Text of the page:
North Korea closer to testing a nuke
North Korea’s missile launch over Japan on Tuesday, the latest in a series of provocative tests this year, may portend a worrisome escalation leading up to a nuclear test, which is reportedly being considered by Pyongyang.
Increasingly frequent and aggressive North Korean provocations since the breakdown of inter-Korean and U.S.-North Korean talks in 2019 are part of a clear historical trend — tensions on the peninsula tend to escalate significantly when the U.S. and South Korean approach is centered primarily on sanctions and military pressure with little (if any) diplomacy.
Many attempts by Washington and Seoul to punish and pressure Pyongyang have been met with fierce resistance and aggressive actions instead of a white flag. We saw this trend throughout the Obama administration and the beginning of the Trump administration, and the result was a more confrontational security landscape on the peninsula.
It stands to reason that avoiding further escalation and another nuclear crisis will require urgent U.S. diplomacy and engagement with North Korea and China. Instead, Washington and Seoul alike have ramped up military deterrence while resisting the types of conciliatory steps that could encourage North Korea to re-evaluate its aggressive posture and return to dialogue; they have also failed to initiate a new dialogue with Beijing regarding the slow-motion crisis.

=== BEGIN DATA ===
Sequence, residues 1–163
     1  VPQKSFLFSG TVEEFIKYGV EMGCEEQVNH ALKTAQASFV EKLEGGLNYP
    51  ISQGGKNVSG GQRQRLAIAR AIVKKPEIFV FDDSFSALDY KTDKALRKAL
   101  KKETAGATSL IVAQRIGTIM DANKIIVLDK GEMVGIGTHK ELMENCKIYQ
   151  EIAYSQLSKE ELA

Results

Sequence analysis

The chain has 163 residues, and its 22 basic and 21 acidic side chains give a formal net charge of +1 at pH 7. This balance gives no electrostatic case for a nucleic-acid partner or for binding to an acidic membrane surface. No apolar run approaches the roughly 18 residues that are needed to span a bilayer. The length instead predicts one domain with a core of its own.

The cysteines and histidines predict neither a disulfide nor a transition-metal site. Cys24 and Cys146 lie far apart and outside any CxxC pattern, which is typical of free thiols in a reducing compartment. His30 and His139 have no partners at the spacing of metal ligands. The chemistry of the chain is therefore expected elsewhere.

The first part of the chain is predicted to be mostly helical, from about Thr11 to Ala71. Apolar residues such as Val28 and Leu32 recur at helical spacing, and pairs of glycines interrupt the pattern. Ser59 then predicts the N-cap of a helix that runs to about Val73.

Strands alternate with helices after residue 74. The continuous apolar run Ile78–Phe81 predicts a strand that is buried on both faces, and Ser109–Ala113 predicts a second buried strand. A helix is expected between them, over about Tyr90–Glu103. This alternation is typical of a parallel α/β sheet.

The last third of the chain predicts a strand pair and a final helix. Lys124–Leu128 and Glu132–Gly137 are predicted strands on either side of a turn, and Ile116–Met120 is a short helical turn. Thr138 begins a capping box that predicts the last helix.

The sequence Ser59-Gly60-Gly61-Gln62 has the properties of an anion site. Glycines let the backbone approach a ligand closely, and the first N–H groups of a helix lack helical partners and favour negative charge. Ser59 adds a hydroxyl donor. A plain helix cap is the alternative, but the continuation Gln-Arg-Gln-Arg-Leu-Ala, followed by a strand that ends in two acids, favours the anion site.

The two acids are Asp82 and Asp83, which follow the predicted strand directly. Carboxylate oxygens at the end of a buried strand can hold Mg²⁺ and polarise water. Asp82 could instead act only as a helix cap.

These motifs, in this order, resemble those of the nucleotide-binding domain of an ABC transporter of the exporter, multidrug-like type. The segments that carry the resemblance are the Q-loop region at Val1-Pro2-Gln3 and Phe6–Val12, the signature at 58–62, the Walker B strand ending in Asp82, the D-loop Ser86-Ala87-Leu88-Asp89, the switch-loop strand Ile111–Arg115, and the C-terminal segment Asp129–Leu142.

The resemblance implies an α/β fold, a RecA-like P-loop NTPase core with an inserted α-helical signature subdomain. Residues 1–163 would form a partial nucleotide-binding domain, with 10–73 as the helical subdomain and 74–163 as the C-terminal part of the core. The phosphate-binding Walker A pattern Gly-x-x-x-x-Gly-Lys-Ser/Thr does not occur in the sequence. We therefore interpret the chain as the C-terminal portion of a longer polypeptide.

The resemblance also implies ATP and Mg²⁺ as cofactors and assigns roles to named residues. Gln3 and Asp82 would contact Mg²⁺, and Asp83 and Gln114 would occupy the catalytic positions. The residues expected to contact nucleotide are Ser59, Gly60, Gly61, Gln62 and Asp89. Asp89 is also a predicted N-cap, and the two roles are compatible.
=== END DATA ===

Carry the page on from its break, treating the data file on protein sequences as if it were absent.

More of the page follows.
Pyongyang’s behavior underscores the urgent need for Sino-U.S. cooperation in the face of a seemingly very possible escalation on the Korean peninsula, given Beijing’s long-standing role in facilitating dialogue with North Korea. The deterioration of U.S.-China relations in recent years has increased suspicion between them regarding each other’s strategic intent on the Korean peninsula, thus making regional cooperation on the North Korea front more difficult.
Washington and Seoul must reconsider their current North Korea policies, break the vicious escalation cycle and work to reduce tensions. It’s been said that trying the same thing over and over and expecting a different result is akin to madness; in the face of a looming crisis that threatens regional stability and the security of U.S. allies, it’s time for Washington to stop the madness and try diplomacy — not just more tough talk.